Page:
Based in Thiruvananthapuram, Waybeo Technology Solutions was launched in 2009 by a group of six friends and focuses on wireless communication. The company, which is based in Technopark, an IT technology park in the Kerala capital, has developed an inbound calling platform, BounzD. The product is embedded on any online campaign, like an email, which a company sends out and with just a click of the mouse, a customer can dial up the company right from the online campaign. The product was commercially rolled out in September. The company has around 500 enterprise clients, including Sahara Group, Landmark, Puravankara Projects and Mantri Developers. Waybeo is launching the product in the US next month in the Software-asa-Service version. “We have sales and marketing offices in Mumbai and Gurgaon and we are opening another office in Bangalore. But our main development centre will continue to be in Thiruvan-anthapuram,” said Bushairusalam AP, the CEO of the company, who is targeting a revenue of Rs 2.5 crore this financial year.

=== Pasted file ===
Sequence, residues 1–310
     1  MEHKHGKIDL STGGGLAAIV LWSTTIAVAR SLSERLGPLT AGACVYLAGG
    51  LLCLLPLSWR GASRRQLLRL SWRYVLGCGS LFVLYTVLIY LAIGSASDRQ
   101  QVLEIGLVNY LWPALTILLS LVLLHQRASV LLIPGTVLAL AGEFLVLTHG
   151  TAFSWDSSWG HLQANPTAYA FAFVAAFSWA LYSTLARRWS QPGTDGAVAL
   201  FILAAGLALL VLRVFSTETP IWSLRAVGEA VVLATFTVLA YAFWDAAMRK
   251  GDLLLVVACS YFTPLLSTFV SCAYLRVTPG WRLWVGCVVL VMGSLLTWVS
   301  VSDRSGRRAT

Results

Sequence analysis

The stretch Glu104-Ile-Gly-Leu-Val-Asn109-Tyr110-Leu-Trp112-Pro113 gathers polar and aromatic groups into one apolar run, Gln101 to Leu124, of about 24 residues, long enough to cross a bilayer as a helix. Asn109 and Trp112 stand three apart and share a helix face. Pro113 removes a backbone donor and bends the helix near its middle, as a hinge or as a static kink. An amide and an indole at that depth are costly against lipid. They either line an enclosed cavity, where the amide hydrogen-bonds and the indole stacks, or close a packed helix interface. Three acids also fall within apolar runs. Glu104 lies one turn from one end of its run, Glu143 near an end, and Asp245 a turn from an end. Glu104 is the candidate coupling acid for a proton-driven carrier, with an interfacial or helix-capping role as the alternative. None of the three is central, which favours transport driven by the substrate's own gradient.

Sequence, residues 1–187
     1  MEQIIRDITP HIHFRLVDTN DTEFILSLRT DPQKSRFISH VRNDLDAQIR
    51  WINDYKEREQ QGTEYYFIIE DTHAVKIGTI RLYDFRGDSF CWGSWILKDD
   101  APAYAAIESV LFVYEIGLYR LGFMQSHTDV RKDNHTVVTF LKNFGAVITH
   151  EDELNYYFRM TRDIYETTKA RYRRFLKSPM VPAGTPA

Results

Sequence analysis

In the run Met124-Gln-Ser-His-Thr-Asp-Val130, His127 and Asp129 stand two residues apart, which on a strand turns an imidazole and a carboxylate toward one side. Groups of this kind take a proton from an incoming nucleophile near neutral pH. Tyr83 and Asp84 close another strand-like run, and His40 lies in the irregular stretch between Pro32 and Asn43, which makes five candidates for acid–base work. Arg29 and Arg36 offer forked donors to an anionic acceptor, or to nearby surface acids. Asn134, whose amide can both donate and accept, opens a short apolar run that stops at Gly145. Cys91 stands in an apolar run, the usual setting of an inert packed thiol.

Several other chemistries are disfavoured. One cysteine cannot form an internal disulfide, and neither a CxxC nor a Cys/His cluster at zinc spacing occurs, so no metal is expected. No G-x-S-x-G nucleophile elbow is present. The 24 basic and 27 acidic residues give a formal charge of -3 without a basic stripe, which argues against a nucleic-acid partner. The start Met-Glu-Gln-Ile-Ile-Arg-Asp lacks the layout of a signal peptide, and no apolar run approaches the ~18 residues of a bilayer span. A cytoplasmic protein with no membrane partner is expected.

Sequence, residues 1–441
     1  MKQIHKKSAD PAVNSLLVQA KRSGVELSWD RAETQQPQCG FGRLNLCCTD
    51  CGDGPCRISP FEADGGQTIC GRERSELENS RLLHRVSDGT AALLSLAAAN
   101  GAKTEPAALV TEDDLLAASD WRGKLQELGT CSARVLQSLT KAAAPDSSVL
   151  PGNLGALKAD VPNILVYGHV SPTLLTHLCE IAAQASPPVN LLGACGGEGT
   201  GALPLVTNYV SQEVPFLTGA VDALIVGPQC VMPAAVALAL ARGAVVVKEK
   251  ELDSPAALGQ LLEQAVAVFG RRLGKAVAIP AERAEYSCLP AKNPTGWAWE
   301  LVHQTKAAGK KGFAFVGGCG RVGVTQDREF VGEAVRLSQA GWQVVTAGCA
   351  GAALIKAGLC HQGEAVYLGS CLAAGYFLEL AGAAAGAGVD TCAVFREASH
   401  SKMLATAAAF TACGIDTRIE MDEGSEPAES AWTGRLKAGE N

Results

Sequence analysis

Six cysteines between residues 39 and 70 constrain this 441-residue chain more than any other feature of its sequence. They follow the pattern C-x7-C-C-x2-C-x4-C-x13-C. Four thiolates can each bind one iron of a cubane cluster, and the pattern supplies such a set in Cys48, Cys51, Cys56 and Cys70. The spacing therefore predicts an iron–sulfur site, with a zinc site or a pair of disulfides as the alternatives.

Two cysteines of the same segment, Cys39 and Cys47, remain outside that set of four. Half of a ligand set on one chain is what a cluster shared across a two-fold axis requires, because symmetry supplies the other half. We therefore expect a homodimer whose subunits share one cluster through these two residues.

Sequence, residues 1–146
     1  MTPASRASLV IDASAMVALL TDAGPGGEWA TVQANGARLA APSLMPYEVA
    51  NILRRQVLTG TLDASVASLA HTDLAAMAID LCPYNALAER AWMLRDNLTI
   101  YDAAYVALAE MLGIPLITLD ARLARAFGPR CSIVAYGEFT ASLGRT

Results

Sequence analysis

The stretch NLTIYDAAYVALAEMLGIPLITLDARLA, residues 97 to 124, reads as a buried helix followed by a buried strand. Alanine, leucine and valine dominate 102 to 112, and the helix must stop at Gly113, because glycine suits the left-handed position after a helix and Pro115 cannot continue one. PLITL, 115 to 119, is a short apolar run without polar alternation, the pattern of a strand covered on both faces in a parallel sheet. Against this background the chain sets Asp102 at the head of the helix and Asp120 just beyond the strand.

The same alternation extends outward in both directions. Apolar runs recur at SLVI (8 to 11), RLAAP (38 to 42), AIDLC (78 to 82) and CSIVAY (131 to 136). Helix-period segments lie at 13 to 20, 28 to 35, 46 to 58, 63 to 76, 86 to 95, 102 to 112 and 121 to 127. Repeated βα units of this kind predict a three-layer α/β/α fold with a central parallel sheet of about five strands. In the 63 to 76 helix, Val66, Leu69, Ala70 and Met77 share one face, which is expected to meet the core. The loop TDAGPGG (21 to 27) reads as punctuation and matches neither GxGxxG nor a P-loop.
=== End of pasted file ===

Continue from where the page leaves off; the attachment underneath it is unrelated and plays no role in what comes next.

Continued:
Waybeo Technology Solutions
LOCATION: Thiruvananthapuram
FOUNDED BY: Bushairusalam AP and team
AREA OF OPERATIONS: Browser-based inbound calling platform, BounzD
Peerzada Abrar and Radhika P Nair ET120629

TECH SPECIAL...Windows Phone 8: Brilliant or dud?

Windows Phone 8: Brilliant or dud?

A few days after it announced the Surface, Microsoft dropped the bomb on its upcoming ‘Apollo’ mobile OS -- Windows Phone 8.